On a dark night, along a lonely country road, barrister Frank Amberley stops to help a young lady in distress and discovers a sports car with a corpse behind the wheel. The girl protests her innocence, and Amberley believes her - at least until he gets drawn into the mystery and the clues incriminating Shirley Brown begin to add up.
In an English country-house murder mystery with a twist, it's the butler who's the victim, every clue complicates the puzzle, and the bumbling police are well-meaning but completely baffled. Fortunately, in ferreting out a desperate killer, amateur sleuth Amberley is as brilliant as he is arrogant, but this time he's not sure he wants to know the truth.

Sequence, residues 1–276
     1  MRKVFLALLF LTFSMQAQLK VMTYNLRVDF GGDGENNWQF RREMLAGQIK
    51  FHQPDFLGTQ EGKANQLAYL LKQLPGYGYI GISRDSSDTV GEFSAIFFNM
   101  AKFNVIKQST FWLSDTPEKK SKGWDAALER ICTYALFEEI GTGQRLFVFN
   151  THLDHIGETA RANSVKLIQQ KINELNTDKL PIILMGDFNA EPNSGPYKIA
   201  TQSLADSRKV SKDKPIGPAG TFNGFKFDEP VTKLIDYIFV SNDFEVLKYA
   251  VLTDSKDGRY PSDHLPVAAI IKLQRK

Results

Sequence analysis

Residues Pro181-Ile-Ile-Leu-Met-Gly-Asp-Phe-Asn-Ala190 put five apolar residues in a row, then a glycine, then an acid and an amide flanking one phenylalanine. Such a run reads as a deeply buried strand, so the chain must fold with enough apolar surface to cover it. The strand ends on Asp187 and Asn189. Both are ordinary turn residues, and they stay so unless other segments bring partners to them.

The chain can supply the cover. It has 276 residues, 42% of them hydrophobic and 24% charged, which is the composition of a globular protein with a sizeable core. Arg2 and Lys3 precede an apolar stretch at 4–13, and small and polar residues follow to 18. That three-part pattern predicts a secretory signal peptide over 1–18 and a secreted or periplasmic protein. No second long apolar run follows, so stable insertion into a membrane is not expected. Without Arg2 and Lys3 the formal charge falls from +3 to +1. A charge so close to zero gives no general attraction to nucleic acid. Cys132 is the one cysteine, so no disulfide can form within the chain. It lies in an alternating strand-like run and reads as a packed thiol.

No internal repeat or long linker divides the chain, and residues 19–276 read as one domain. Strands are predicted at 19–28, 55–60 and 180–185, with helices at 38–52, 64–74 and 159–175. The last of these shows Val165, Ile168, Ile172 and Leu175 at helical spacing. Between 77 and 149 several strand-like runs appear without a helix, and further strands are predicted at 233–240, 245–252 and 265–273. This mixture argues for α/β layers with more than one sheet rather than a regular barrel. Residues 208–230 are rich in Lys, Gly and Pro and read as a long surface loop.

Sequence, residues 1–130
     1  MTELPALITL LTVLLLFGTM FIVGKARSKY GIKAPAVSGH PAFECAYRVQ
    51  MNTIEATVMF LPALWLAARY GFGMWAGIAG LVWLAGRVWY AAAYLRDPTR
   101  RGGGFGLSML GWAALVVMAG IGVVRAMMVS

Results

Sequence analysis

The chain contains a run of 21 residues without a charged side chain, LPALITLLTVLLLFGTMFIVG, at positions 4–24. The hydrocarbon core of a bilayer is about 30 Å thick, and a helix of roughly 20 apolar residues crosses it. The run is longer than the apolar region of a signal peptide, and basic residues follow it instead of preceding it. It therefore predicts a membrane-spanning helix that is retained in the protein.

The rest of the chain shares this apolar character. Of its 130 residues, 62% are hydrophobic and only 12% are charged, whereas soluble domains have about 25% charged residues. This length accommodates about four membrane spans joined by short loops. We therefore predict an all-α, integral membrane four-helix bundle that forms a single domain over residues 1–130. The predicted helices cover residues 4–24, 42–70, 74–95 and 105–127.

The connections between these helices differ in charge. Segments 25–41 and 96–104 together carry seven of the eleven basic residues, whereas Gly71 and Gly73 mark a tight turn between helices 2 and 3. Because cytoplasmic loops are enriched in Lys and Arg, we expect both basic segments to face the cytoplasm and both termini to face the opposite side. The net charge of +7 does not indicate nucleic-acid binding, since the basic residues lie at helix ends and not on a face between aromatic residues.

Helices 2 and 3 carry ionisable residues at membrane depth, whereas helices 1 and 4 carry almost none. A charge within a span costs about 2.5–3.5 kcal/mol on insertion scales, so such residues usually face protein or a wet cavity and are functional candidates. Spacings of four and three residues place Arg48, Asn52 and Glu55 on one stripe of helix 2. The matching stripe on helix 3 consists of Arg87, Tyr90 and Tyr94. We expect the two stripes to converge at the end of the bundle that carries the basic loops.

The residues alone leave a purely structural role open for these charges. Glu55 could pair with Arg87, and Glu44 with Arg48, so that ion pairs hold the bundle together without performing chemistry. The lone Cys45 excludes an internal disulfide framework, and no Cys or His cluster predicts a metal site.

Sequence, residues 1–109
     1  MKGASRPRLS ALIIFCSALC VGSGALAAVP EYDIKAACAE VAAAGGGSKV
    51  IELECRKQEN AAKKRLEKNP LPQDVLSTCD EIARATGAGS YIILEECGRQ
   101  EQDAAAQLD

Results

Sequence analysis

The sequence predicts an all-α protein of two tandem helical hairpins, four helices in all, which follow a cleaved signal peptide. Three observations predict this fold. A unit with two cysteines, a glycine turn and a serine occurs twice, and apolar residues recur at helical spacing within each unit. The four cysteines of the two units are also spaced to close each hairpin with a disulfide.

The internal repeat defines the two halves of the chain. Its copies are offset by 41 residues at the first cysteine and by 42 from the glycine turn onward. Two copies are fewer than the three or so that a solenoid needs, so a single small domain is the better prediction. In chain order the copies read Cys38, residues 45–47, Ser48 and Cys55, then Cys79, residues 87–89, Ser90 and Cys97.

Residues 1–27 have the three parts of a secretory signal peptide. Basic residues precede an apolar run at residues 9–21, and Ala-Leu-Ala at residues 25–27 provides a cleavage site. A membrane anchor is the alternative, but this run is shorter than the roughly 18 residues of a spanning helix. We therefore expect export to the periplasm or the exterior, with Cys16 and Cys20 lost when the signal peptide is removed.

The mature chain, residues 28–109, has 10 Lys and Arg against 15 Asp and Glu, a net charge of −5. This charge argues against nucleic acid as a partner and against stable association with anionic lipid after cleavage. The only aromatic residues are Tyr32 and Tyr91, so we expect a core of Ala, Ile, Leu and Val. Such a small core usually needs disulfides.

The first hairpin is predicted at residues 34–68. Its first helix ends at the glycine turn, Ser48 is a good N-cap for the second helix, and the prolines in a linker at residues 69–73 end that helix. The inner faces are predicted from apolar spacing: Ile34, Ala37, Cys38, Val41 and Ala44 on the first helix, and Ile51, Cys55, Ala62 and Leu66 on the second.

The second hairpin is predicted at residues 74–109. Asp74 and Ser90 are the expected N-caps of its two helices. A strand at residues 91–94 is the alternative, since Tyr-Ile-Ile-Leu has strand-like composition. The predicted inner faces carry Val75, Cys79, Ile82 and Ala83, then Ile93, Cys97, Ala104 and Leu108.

"Georgette Heyer is second to none." (The Sunday Times)
"Heyer is an author to read, this means you!" (The New York Herald Tribune)
"Sharp, clear, and witty." (The New Yorker)
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A murder mystery murdered by the narrator
I may be biased in that I love Georgette Heyer's murder mysteries more than her period novels. However this woman read the novel as if she had never encountered English before. I have never *ever* come across reading out loud as bad as this - and I help out in primary schools listening to under 10s reading books. Please, do not leave her in a recording studio without her carers ever again.
I gave up after an hour. I tried. I love the book so stuck with it as far as I could. I even resorted to a glass of wine after the first half hour but that didn't help either.
My cat would make a better job of it.
The book is brilliant. The audio-book makes diabolical seem positively heavenly.
I want my ears cleaned.
Good story spoilt by narration